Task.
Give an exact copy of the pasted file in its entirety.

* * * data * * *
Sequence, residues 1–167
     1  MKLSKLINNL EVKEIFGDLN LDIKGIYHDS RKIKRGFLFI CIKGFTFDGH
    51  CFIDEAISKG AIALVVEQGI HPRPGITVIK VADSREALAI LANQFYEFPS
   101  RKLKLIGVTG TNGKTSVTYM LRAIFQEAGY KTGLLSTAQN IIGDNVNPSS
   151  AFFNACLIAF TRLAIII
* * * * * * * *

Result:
Sequence, residues 1–167
     1  MKLSKLINNL EVKEIFGDLN LDIKGIYHDS RKIKRGFLFI CIKGFTFDGH
    51  CFIDEAISKG AIALVVEQGI HPRPGITVIK VADSREALAI LANQFYEFPS
   101  RKLKLIGVTG TNGKTSVTYM LRAIFQEAGY KTGLLSTAQN IIGDNVNPSS
   151  AFFNACLIAF TRLAIII